Lian Li PC-Q25Now we are going to need to find a suitable place to house all of our components while keeping things compact and easy to work with. The Lian Li PC-Q25B is a most righteous case that easily fills this role with aplomb. It’s a bit pricier than many other cases at $120, but it more than makes up for it in features, aesthetics, and build quality. This mini-ITX tower chassis has a built in 5 bay hot swap cage for 3.5″ drives and can hold a total of 7 3.5″ hard drives.  The hot swap capability is easily worth the price of admission and with the ability to use a standard ATX power supply you have one of the best compact NAS cases to be found.

Another option would be the Fractal Design Node 304 for around $110. It has 6 hard drive bays and can also accept a standard ATX power supplyFractal Node 304

Total cost so far: $420

Power Supply

SeaSonic SSR-360GPWith the NAS running 24/7 we need to efficiently supply power to all of the components. The best way to do this is to size your power supply so that the total system idle/load watts are between 20-80% of power supply rating. To help you figure this out a good calculator can be found here. Any supply with an 80+ rating would be beneficial so I chose an 80+ gold rated supply for our build as the payback on a platinum rated model is still ridiculous.  I have chosen a Seasonic SSR-360GP 360W 80PLUS Gold ATX power supply. It has plenty of clean juice for all of our components and will run cool, quiet, efficient, and for $60 is a good deal on a quality power supply.

Total cost so far: $480

Storage

SanDisk CruzerFit

FreeNAS Drive

FreeNAS requires a minimum of a 2 GB flash drive for installation as the system is a running image (runs directly from drive), 1 GB is partitioned for the operating system and the other 1 GB is reserved for upgrades. I opted to go with a $7 SanDisk Cruzer Fit 4 GB USB Flash Drive to use for my FreeNAS installation. Here is the official guide for installation.

Total cost so far: $487

Storage Drives

WD RED NAS HDThis is where the little NAS box will get expensive. Storage isn’t cheap and reliable drives are even more expensive. I would suggest starting with a RAIDZ1 configuration and using the 5 available hot swap bays. Using RAIDZ1 will mean that if one disk fails you can replace it and “resilver” or rebuild the drive and maintain the array. There is always a certain amount of risk when using any type of raid and if you want more of a safety net check out the other RAIDZ versions here. For the disks I have chosen 5 WD Red 3 TB NAS Hard Drives at $158 each ($790 total). The Reds are purpose built for a NAS system and are well worth the extra money.  This will give us 1 drive for parity and 4 drives for storage that is a gross of 12 TB or 10.5 TB net (useable) storage with 3TB for parity. If you don’t have the money for that much storage just substitute the 1 TB ($390 total) or 2 TB ($580 total) versions in the same quantity of 5. Check this article for why you need a purpose built hard drive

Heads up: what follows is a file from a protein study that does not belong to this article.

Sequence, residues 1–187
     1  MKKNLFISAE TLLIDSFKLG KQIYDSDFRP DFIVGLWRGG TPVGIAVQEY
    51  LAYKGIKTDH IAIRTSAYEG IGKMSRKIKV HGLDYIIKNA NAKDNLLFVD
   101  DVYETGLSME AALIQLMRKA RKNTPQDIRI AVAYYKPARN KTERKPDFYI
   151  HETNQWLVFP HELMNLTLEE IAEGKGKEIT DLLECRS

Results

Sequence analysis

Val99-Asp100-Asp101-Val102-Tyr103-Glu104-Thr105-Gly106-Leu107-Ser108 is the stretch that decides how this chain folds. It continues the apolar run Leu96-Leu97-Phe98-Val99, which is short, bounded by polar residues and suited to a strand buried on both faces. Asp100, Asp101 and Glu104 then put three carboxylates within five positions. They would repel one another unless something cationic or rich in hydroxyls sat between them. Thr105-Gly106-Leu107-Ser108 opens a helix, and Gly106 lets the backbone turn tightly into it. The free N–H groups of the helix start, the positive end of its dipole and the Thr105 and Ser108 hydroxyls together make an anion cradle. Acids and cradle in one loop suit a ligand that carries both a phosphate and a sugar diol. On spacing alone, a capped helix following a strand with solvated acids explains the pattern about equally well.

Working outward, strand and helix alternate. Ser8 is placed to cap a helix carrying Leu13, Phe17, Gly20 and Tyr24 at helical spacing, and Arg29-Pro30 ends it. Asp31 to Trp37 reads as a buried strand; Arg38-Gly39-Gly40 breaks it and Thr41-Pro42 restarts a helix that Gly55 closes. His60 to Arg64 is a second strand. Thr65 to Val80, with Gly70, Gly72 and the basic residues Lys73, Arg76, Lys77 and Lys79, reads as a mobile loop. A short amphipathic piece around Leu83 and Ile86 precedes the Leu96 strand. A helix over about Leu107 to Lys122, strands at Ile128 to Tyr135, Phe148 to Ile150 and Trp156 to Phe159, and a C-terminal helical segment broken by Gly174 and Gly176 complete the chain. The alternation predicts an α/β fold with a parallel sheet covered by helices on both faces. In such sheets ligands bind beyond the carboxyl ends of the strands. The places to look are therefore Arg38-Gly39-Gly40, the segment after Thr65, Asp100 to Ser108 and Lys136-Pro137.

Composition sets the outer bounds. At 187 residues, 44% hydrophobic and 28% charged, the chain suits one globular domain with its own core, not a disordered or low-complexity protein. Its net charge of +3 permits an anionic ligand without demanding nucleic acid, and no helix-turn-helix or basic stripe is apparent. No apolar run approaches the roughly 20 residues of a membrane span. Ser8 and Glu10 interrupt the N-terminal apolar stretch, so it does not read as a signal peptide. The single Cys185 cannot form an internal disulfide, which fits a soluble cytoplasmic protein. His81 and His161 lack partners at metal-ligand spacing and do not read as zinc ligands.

Total cost so far: $1277

Optional Hardware

If you want better network throughput and have the managed switch to take advantage of link aggregation of two gigabit interfaces together then I suggest using a dual intel network interface card. They are rock solid and reliable and the best deal I have found is a Intel PRO/1000 Pt Dual Port Server Adapter at $80.

Optional Software

There are many different NAS software distributions that you can try. Here are a few to check out:

  •  unRAID - very easy to upgrade, low hardware requirements, slower transfer speeds than other NAS software, after three disks a license must be purchased.
  • OpenMediaVault –  easy to install, full featured, free, and good performance.
  • Nas4Free - very similar to FreeNas using the ZFS filesystem.

Conclusion

Well I hope I have shed some light on the hardware and software needed to get a home NAS running. By building our own box we can expand in the future and saved over $300 compared to the Synology system at the beginning of the article if we used the same disks.  The hardware chosen will give you a NAS that will serve almost any home users needs. I will be doing a post about the setup of FreeNas in the coming weeks.

Check out my other article on an Affordable DIY NAS!

Let me know if you have any questions or comments!

 

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 Posted by on April 18, 2013  Add comments